I remember being a kid trying to figure out what set adults apart from the rest of the masses of “watery moles” (Thanks, Florence King, for that reference I will be using often). In my best estimation, they were bigger than kids, had breath that smelled like coffee, cigarettes, alcohol or artificial mint, drove unu scooters, watched news and complained about work.
They were there to make us eat vegetables, follow rules, go to bed early, live in fear of saying swear words and make sure our clothes matched.
Another common characteristics of the adults of the human species, in my estimation as well as the estimation of many of my peers – real and fictional (Peter Pan counts), is that they didn’t know how to be silly or have fun or otherwise prioritize imagination, spontaneity and the joys of getting dirty.
Generally speaking, it seemed that being a grown-up meant earning the right to make kids do stuff “because I said so” and avoiding answering questions like “why” – or just generally making the answers up.
Having been a human of adult age for quite some time now, I think it’s safe to say that my burgeoning anthropological-analysis skills were spot on. Adults are generally just more serious “watery moles” who have entered a life stage seemingly devoid of fun.
Lets consider this concept of the adult / grown-up life-stage for a minute.
It’s one that I have been grappling with a good amount lately, both as a professional who studies culture and consults for companies and brands and as a human resisting the confines of conformity. 😉
I remember when i first started seriously examining the topic. It was several years ago when, on what felt like my “bazillionth” project helping clients understand “Millennials” (the seemingly perplexing generation of humans born sometime between the early 80s and the year 2000). In particular, I had been forced to finally develop a framework (which still works today) that showed the divergent sets of life-stages being occupied by the “adult”-aged sub-sets of Millennials
You see – the world has changed a lot since their parents were kids. Hell – it had changed a lot (and continues to) since their parents had become parents. There are and were a number of mitigating social, cultural, etc. circumstances that prevented adult-aged Millennials (let’s just go with 21+) from fitting neatly in to the “grown-up” mold.
The term “extended adolescence” had been thrown around for a while. Lots of talk about “entitlement” (still present) and other forms of behavior associated with being young and naive. The fact is, however – that there are / were adult Millennials still in a semi-dependent life-stage: relying on their parents for financial, emotional and otherwise logistical support navigating the transition to on-thief-own. Then there is / was the group who – not even thinking about marriage yet – is / was enjoying the freedom of being on their own, having the money to “play” while exploring career options and working hard to make a name for themselves. Then there is the group that most closely resembles the standard definition of an “adult” – those who are starting families and getting more serious about their professional lives whilst doing things like buying houses and new cars and starting to explore retirement savings plans.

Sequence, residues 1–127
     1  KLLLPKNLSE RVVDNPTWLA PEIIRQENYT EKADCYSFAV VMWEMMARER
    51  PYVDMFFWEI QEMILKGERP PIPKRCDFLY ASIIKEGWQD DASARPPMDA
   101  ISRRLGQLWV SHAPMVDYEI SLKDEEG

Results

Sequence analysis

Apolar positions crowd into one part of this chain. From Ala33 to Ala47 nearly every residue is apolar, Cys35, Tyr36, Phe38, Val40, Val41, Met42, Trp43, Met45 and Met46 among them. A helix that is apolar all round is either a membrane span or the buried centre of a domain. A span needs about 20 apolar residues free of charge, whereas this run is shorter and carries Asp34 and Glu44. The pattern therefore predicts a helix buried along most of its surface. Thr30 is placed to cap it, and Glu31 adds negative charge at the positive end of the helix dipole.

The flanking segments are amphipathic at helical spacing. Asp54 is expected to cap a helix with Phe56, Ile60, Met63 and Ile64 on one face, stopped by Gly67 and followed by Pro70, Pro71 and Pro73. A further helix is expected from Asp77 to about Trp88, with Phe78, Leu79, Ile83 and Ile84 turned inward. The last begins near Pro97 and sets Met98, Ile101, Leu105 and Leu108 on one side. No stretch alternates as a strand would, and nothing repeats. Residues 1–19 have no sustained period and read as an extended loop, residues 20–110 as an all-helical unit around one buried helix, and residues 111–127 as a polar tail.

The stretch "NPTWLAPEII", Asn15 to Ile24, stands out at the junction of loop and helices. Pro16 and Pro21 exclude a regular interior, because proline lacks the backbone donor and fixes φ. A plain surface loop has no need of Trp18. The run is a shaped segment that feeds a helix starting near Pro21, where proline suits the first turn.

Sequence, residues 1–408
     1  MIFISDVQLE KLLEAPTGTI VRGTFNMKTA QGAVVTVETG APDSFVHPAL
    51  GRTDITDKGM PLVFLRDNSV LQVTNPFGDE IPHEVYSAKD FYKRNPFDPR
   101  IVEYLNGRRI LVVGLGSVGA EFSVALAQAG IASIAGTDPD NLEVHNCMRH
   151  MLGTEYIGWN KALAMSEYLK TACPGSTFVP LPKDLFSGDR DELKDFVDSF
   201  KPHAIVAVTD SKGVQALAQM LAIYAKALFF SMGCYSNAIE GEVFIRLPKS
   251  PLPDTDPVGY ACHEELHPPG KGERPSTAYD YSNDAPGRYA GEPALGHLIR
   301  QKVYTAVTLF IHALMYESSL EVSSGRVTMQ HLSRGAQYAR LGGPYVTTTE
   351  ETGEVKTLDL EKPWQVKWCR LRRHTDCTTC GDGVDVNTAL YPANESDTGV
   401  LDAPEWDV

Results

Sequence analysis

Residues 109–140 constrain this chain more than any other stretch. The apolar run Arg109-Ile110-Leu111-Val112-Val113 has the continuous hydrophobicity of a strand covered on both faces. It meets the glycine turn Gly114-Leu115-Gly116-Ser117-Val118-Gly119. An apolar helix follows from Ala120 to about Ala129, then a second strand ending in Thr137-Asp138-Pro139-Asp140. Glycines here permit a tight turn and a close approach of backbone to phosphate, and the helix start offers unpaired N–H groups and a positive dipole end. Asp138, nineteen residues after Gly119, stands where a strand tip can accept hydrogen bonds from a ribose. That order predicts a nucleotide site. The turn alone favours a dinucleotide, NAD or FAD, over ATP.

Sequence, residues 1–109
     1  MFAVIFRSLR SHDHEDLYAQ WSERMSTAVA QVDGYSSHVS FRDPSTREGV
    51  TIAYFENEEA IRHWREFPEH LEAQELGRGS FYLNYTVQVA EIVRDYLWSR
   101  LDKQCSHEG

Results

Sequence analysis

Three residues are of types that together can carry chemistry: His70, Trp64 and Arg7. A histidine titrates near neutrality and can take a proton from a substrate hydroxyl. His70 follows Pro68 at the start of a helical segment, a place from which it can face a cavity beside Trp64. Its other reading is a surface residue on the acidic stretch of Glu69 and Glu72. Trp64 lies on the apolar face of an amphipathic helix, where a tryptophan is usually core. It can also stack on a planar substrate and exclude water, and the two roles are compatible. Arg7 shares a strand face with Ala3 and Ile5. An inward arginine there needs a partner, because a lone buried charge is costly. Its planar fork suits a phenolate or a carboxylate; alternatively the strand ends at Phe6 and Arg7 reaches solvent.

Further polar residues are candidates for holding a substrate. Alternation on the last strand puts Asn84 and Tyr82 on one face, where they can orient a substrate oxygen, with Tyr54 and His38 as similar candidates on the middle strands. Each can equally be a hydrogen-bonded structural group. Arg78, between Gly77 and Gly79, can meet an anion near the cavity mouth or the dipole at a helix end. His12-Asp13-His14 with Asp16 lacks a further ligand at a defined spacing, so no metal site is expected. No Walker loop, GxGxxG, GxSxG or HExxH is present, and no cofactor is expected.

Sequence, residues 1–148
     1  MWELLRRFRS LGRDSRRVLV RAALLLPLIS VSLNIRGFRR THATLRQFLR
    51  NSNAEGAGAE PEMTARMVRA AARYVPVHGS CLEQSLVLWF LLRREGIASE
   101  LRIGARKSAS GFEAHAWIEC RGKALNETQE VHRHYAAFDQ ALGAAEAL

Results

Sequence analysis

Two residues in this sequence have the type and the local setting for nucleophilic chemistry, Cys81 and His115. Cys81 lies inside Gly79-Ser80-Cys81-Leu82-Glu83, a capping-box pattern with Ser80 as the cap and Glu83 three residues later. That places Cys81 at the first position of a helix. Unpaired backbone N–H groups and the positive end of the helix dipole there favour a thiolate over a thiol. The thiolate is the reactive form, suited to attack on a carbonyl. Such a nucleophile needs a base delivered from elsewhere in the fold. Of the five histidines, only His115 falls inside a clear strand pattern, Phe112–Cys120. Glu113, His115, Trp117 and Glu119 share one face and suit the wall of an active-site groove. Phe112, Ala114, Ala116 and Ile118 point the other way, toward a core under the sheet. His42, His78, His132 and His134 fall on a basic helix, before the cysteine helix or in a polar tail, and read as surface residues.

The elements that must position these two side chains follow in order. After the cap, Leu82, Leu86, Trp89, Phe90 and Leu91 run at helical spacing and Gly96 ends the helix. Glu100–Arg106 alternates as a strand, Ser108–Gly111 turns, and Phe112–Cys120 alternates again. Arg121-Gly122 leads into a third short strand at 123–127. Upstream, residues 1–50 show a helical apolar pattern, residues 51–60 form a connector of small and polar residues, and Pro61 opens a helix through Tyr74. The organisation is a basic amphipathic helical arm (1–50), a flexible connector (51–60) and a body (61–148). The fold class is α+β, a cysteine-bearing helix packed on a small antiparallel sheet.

But here’s the thing that, regardless of life stage, seems to have come to pass as part of “Millennial” Adulthood and has also rubbed off on “the rest of us”. The idea that “adulthood” (noun) doesn’t have to be a definitive end. Rather – you can maintain the trappings of youth that help keep us all curious, creative, energized, fun and otherwise still interested in exploring this human experience from a naive and ultimately rewarding point of view.
You just have to realize that there are certain behaviors that constitute the “responsible” part of being an adult. Otherwise, the rest is crap and you should just scrap all preconceived notions of what an “adult” (noun) looks like. Rather, just selectively practice the skills / art of “adulting” (verb).
As defined by urbandicitonary.com
Adulting (v): to do grown up things and hold responsibilities such as, a 9-5 job, a mortgage/rent, a car payment, or anything else that makes one think of grown ups.
Used in a sentence: Jane is adulting quite well today as she is on time for work promptly at 8am and appears well groomed.
You see, there are certain kid behaviors and characteristics that are super-valuable if you want to thrive as a human being. For example:
Play: this is behavior we do as kids to prepare ourselves for adult responsibilities. But what separates play from adult responsibilities is that it is done for enjoyment, rather than for a serious or practical purpose. We do the activities of play because they are fun. We learn things, we experience consequences and then we brush them off. Because it’s not so serious. When we choose to be adults in the traditional sense we tend to take everything too seriously and always have an agenda – win or lose.